But anything that appealed to the sense of beauty, in however humble a way, did not require to be recommended by these old associations. This was observable when one of those Italian boys (who are rather a modern feature of our streets) came along with his barrel-organ, and stopped under the wide and cool shadows of the elm. With his quick professional eye, he took note of the two faces watching him from the arched window, and, opening his instrument, began to scatter its melodies abroad. He had a monkey on his shoulder, dressed in a Highland plaid; and, to complete the sum of splendid attractions wherewith he presented himself to the public, there was a company of little figures, whose sphere and habitation was in the mahogany case of his organ, and whose principle of life was the music which the Italian made it his business to grind out. In all their variety of occupation, — the cobbler, the blacksmith, the soldier, the lady with her fan, the toper with his bottle, the milk-maid sitting by her cow, — this fortunate little society might truly be said to enjoy a harmonious existence, and to make life literally a dance. The Italian turned a crank; and, behold! every one of these small individuals started into the most curious vivacity. The cobbler wrought upon a shoe; the blacksmith hammered his iron; the soldier waved his glittering blade; the lady raised a tiny breeze with her fan; the jolly toper swigged lustily at his bottle; a scholar opened his book, with eager thirst for knowledge, and turned his head to and fro along the page; the milk-maid energetically drained her cow; and a miser counted gold into his strong-box; — all at the same turning of a crank. Yes; and, moved by the self-same impulse, a lover saluted his mistress on her lips! Possibly, some cynic, at once merry and bitter had desired to signify, in this pantomimic scene, that we mortals, whatever our business or amusement, — however serious, however trifling, — all dance to one identical tune, and, in spite of our ridiculous activity, bring nothing finally to pass. For the most remarkable aspect of the affair was, that, at the cessation of the music, everybody was petrified, at once, from the most extravagant life into a dead torpor. Neither was the cobbler’s shoe finished, nor the blacksmith’s iron shaped out; nor was there a drop less of brandy in the toper’s bottle, nor a drop more of milk in the milk-maid’s pail, nor one additional coin in the miser’s strong-box, nor was the scholar a page deeper in his book. All were precisely in the same condition as before they made themselves so ridiculous by their haste to toil, to enjoy, to accumulate gold, and to become wise. Saddest of all, moreover, the lover was none the happier for the maiden’s granted kiss! But, rather than swallow this last too acrid ingredient, we reject the whole moral of the show.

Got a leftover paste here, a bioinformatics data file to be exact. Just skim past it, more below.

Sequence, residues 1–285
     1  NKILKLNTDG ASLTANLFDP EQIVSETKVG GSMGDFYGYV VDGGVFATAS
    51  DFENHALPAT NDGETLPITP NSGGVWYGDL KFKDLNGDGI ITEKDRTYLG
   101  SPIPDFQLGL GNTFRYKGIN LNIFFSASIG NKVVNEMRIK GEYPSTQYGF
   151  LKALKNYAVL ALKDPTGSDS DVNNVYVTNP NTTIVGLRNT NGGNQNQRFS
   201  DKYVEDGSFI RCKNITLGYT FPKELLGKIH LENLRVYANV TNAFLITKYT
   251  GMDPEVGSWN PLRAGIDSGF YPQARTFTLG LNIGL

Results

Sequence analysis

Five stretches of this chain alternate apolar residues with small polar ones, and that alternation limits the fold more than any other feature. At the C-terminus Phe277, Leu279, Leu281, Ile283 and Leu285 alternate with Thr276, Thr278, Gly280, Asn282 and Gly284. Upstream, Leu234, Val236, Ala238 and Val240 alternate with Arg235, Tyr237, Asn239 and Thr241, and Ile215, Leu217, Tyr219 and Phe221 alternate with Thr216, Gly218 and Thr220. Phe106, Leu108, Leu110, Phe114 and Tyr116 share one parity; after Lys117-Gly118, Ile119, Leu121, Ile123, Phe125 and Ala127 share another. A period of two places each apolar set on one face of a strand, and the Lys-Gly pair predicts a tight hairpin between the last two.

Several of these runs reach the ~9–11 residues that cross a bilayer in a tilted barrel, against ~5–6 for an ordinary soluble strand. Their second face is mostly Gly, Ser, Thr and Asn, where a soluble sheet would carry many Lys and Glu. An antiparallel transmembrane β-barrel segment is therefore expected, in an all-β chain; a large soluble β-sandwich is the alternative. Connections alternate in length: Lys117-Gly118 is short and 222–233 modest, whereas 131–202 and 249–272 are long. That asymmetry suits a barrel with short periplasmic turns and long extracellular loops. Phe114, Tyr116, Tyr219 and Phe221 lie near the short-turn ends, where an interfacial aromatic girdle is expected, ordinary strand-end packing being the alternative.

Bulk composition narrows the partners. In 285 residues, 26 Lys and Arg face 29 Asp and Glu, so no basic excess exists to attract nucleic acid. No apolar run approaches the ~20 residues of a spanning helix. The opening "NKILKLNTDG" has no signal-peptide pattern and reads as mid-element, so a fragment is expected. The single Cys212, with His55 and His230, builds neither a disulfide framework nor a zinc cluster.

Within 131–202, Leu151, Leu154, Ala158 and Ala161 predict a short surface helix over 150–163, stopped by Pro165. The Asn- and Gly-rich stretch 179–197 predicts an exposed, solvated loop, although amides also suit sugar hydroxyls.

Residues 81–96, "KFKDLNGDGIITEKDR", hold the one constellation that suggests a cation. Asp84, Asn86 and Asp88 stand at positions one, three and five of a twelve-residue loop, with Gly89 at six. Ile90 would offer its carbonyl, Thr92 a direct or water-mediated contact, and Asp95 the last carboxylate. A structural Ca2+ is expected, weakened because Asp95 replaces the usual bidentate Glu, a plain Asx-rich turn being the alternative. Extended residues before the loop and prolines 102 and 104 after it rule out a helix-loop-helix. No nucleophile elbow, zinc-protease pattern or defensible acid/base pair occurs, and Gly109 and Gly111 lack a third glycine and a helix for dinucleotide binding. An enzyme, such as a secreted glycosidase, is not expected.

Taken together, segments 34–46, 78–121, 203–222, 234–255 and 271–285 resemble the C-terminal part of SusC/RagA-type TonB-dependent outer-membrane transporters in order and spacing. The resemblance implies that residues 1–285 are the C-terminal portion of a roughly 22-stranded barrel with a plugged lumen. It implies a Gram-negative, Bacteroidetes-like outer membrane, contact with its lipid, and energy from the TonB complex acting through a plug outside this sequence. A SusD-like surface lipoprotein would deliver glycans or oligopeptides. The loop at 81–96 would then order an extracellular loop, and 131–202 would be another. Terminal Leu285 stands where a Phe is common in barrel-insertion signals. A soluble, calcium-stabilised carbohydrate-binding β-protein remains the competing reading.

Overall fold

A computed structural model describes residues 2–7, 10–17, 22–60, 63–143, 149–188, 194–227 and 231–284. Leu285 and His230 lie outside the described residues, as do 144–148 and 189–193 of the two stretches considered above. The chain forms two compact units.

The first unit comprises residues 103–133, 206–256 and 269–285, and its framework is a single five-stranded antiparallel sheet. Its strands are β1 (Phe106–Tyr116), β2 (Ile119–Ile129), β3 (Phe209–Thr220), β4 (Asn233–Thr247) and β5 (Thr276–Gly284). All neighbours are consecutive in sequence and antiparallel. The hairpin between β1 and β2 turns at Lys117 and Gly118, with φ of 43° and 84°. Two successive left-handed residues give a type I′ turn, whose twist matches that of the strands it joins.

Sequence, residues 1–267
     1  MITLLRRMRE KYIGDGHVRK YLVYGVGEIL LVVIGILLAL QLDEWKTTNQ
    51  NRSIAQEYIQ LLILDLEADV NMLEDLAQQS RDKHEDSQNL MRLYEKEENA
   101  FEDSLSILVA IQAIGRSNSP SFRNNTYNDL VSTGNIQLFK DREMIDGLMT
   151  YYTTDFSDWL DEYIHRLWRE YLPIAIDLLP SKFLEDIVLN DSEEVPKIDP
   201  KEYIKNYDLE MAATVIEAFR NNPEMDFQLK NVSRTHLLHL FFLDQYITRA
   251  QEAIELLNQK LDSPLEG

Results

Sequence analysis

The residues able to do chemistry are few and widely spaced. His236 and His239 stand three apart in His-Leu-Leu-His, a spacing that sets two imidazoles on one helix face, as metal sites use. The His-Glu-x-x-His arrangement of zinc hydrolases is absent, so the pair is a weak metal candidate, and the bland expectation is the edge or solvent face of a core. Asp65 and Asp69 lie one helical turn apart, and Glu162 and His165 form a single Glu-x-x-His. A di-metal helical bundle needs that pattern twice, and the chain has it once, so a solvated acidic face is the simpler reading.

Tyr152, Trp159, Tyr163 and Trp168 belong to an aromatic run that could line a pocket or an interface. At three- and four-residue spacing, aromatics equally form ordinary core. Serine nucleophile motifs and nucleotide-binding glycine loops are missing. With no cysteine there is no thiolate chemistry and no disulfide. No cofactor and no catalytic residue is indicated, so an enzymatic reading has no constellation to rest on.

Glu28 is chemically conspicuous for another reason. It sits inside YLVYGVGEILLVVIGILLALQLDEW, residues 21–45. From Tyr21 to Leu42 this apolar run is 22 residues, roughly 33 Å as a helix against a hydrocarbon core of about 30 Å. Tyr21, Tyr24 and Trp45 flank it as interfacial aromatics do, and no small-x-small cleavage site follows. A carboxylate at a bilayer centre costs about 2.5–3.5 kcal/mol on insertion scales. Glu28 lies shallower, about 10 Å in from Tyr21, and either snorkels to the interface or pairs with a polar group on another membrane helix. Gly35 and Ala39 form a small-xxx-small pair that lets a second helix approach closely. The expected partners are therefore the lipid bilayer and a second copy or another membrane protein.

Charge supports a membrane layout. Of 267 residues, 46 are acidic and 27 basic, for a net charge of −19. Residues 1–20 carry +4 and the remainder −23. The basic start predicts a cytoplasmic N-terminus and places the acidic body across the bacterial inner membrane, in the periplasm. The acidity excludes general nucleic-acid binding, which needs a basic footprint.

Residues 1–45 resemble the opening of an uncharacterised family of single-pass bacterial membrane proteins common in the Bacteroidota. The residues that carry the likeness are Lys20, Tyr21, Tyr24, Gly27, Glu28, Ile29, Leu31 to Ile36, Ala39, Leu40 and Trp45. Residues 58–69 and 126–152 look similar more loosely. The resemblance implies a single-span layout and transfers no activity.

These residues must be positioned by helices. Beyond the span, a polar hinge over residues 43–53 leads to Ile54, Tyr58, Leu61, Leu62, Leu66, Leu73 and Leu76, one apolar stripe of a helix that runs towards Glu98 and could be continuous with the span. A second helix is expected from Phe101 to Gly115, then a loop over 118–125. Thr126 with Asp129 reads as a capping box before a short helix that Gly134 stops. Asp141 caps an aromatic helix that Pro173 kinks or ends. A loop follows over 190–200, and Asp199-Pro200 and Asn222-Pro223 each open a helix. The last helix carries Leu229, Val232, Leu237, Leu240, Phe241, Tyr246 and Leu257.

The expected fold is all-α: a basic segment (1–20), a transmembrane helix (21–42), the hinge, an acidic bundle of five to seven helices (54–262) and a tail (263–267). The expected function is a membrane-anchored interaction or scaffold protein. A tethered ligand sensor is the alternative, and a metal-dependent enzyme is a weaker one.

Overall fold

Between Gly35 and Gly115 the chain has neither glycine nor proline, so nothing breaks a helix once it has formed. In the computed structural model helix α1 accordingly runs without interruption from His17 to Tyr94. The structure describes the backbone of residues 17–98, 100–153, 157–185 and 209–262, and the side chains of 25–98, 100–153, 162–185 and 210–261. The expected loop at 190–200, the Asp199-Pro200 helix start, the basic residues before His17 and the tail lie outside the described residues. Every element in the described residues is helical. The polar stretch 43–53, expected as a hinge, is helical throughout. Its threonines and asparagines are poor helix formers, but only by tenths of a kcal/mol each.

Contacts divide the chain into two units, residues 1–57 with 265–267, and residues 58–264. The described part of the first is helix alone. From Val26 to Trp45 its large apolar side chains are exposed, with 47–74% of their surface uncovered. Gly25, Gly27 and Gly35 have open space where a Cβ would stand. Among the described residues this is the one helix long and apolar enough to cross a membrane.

The monkey, meanwhile, with a thick tail curling out into preposterous prolixity from beneath his tartans, took his station at the Italian’s feet. He turned a wrinkled and abominable little visage to every passerby, and to the circle of children that soon gathered round, and to Hepzibah’s shop-door, and upward to the arched window, whence Phoebe and Clifford were looking down. Every moment, also, he took off his Highland bonnet, and performed a bow and scrape. Sometimes, moreover, he made personal application to individuals, holding out his small black palm, and otherwise plainly signifying his excessive desire for whatever filthy lucre might happen to be in anybody’s pocket. The mean and low, yet strangely man-like expression of his wilted countenance; the prying and crafty glance, that showed him ready to gripe at every miserable advantage; his enormous tail (too enormous to be decently concealed under his gabardine), and the deviltry of nature which it betokened; — take this monkey just as he was, in short, and you could desire no better image of the Mammon of copper-coin, symbolizing the grossest form of the love of money. Neither was there any possibility of satisfying the covetous little devil. Phoebe threw down a whole handful of cents, which he picked up with joyless eagerness, handed them over to the Italian for safe-keeping, and immediately recommenced a series of pantomimic petitions for more.